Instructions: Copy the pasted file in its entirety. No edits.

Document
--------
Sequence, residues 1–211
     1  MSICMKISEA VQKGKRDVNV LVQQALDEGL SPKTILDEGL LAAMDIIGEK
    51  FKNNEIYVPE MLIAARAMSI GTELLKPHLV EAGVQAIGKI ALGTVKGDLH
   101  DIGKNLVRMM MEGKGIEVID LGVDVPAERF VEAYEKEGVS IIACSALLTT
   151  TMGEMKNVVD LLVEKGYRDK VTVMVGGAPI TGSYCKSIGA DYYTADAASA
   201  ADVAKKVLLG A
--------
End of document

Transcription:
Sequence, residues 1–211
     1  MSICMKISEA VQKGKRDVNV LVQQALDEGL SPKTILDEGL LAAMDIIGEK
    51  FKNNEIYVPE MLIAARAMSI GTELLKPHLV EAGVQAIGKI ALGTVKGDLH
   101  DIGKNLVRMM MEGKGIEVID LGVDVPAERF VEAYEKEGVS IIACSALLTT
   151  TMGEMKNVVD LLVEKGYRDK VTVMVGGAPI TGSYCKSIGA DYYTADAASA
   201  ADVAKKVLLG A